GOVERNOR'S SCHOOL FUNDING PROPOSAL: A BAIT AND SWITCH
LESS AID FOR UNDERFUNDED DISTRICTS WHILE MORE DISTRICTS WOULD SEE CUTS
April 11, 2012
An analysis of the NJ Department of Education's FY13 budget by the non-partisan Office of Legislative Services (OLS) uncovers the stark reality faced by NJ school districts if Governor Christie's school aid proposal for 2012-13 is adopted by the State Legislature.
The OLS analysis confirms the radical, structural changes to the NJ school funding formula – the School Funding Reform Act of 2008 (SFRA) – proposed by the Governor. These so-called "modifications" to the SFRA formula include significant reductions in the cost of educating poor (at-risk) students and Limited English Proficiency (LEP) students, and the use of the widely discredited "average daily attendance" method of counting students for school funding purposes.
The OLS analysis also lays bare how the Governor proposes to "phase in" the 2012-13 school aid generated by his “modified” formula over a five-year time frame. The Governor's phase-in dramatically limits the increase in state aid over the next five years for those districts targeted for additional funding under SFRA, especially districts spending below the “adequacy” level set by the formula. The proposal also locks almost 100 other districts into successive years of state aid cuts.
The Governor's phase-in proposal is not authorized under the SFRA law and, if adopted, would take all districts "off formula" for the entire five-year phase-in period, or through 2016-17.
According to the OLS analysis of the Governor's "modified" formula:
- 484 districts would receive a state aid increase totaling $633 million in 2012-13; however, by phasing in this one-year increase in equal installments over the next five years, the aid increase required for 2012-13 is reduced by four-fifths, from $494 million to $139 million.
- 97 districts would experience state aid cuts, totaling $204 million statewide; under the phase-in, these districts would see a steady decline in state aid over the next five years.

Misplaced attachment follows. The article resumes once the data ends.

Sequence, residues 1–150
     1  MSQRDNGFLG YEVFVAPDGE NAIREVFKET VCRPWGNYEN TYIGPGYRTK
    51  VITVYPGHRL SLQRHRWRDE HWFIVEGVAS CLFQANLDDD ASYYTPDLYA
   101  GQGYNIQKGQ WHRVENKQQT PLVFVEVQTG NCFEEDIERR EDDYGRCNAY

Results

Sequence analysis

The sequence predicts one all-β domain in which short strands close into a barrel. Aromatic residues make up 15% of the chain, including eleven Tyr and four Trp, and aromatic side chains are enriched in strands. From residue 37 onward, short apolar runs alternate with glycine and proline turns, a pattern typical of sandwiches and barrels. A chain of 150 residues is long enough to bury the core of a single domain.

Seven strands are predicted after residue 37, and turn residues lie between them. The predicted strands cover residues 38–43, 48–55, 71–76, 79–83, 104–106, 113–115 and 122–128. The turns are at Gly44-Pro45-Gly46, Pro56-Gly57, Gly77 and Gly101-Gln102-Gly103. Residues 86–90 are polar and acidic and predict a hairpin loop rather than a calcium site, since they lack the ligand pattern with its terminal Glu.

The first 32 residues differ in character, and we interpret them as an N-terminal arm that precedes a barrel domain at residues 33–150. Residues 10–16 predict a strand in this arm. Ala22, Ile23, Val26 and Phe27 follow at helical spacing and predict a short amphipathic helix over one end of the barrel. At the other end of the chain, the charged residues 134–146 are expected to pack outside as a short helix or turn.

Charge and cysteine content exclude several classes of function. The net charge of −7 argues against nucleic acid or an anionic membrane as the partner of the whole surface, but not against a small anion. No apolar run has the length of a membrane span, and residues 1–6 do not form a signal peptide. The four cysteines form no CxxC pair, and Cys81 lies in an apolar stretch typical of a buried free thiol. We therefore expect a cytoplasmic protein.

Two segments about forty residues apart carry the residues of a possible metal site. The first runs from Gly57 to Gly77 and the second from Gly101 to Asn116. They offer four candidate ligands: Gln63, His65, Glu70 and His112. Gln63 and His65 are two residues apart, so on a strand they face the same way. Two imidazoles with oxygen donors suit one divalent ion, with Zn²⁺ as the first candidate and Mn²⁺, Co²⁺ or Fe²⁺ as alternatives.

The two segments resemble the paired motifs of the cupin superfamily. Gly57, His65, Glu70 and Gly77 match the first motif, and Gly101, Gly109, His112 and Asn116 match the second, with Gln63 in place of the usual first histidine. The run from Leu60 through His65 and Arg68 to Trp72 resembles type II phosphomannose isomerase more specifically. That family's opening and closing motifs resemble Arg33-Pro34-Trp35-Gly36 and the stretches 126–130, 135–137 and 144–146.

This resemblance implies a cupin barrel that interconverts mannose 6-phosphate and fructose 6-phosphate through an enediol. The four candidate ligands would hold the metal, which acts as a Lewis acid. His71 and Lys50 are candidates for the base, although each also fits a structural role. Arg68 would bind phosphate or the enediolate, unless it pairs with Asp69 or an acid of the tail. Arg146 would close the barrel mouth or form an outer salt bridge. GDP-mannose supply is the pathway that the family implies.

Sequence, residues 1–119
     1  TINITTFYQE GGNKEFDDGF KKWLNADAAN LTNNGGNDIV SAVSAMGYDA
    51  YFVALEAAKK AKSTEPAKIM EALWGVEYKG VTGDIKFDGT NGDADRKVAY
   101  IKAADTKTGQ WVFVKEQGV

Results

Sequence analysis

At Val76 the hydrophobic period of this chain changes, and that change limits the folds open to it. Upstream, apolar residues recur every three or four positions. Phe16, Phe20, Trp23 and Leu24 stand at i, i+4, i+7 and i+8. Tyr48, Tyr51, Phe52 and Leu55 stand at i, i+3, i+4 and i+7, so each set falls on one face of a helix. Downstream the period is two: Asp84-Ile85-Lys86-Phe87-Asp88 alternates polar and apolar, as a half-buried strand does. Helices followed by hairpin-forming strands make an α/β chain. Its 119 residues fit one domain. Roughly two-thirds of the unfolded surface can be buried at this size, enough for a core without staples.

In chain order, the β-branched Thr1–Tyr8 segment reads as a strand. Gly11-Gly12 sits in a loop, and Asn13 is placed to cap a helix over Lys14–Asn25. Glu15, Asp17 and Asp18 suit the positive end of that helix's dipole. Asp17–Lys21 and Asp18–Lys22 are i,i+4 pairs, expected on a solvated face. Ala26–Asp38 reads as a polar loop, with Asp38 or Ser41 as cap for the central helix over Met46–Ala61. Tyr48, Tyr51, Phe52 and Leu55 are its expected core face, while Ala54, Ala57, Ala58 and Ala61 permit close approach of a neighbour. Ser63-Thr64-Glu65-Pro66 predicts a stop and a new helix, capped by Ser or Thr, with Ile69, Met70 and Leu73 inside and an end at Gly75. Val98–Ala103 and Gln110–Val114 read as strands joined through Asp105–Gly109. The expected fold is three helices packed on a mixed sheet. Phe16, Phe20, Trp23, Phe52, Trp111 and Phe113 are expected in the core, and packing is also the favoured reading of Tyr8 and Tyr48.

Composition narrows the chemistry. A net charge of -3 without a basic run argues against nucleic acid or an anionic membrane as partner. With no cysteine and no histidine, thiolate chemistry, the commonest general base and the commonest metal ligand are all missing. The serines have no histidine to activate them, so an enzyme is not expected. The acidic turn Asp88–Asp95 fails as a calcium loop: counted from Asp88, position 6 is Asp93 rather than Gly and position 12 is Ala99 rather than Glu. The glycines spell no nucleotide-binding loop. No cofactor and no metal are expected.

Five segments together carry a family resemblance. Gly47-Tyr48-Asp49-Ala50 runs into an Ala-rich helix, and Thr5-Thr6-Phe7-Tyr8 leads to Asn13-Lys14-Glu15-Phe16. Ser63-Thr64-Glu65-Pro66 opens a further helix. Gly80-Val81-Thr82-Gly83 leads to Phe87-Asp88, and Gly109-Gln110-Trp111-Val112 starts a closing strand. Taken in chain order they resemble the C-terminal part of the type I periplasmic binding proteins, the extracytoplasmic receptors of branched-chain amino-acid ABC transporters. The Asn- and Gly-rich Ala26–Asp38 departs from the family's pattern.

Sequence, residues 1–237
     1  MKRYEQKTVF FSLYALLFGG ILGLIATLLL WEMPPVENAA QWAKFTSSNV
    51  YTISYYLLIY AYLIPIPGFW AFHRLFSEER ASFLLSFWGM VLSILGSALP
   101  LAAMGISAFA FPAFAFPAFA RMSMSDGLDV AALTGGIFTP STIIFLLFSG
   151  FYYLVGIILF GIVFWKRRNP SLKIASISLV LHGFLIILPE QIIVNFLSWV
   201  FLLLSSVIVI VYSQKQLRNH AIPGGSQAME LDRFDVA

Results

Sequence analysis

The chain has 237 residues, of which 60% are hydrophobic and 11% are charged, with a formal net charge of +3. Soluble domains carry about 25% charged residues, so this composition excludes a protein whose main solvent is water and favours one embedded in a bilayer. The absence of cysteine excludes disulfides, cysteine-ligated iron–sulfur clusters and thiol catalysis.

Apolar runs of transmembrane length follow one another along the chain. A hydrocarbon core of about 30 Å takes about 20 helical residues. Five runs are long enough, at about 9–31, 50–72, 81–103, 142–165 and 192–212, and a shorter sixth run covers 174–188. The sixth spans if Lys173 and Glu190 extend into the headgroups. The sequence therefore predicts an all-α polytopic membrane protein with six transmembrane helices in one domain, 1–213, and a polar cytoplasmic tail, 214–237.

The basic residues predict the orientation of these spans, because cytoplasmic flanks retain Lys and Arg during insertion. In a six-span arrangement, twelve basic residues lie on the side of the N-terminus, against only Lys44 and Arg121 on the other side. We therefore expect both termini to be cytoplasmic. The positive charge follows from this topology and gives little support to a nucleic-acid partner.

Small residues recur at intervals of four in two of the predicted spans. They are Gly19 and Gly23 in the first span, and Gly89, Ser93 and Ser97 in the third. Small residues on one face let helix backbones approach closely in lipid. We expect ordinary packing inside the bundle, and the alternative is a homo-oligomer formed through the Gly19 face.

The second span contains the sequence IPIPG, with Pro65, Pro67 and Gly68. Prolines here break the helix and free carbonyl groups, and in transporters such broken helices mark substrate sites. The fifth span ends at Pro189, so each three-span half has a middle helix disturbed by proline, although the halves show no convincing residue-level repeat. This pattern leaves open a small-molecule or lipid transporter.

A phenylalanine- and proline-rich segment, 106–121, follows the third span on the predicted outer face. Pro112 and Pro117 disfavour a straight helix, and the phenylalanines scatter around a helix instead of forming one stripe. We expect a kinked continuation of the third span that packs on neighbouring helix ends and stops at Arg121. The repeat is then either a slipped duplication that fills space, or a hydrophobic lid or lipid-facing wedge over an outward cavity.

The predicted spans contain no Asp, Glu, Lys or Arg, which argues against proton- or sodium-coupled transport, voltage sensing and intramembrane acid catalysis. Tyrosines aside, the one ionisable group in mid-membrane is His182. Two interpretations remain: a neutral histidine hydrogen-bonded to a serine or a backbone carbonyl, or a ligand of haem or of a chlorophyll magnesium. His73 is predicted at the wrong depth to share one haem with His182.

- Under the current SFRA formula – without the Governor's "modifications" – almost all districts would receive an increase in state aid, totaling $890 million statewide if the formula is fully funded. Only ten districts would see aid cuts due to declining enrollment, and twelve would see no change in aid.
"Hundreds of districts, especially in moderate and middle class communities, have been waiting since 2008 for the State to make good on the promise of increased funding under the SFRA formula," said David Sciarra, ELC Executive Director. "Not only will these districts see overall aid levels reduced under the Governor’s so-called ‘modified’ formula, they will have to wait five years just to get what they should be receiving this year. It's a classic bait and switch."
To illustrate the impact statewide, here's how the "modified" formula and five-year phase-in play out in select districts:
- In 2012-13, Swedesboro-Woolwich school district, with a rapidly growing student enrollment, will only receive one-fifth, or $355,000, of the $1.78 million it is entitled to under the "modified" formula, and aid increases will be limited to this amount for each year through 2016-17.
- Bayonne and North Bergen districts, two of the most underfunded and lowest-spending districts in the state, will each see only $2.8 million of the $14 million that each district should receive in 2012-13 under the “modified” formula.
- Lakewood, in Ocean County, will see only $1.1 million in additional funding each year until 2016-17, instead of the one-year $5.6 million increase that the “modified” formula provides.
- Vernon Township will lose $1.6 million this year and every year through 2016-17, when it loses a total of $8.4 million.
- Hopatcong will lose over $764,000 each year for the next five years until it loses a total of $3.8 million.
- Trenton is slated to lose nearly $1 million in the coming school year and will lose that same amount for the next five years for a total of $4.9 million when the "modified" formula is fully phased-in by 2016-17.
"As the OLS analysis makes clear, and as these examples show, all districts and students are losers under the Governor's proposals, and we strongly urge the Legislature to reject them," Mr. Sciarra said.
To find out how the proposed phase-in of the “modified” formula would affect your district, click here.
Policy and Outreach Coordinator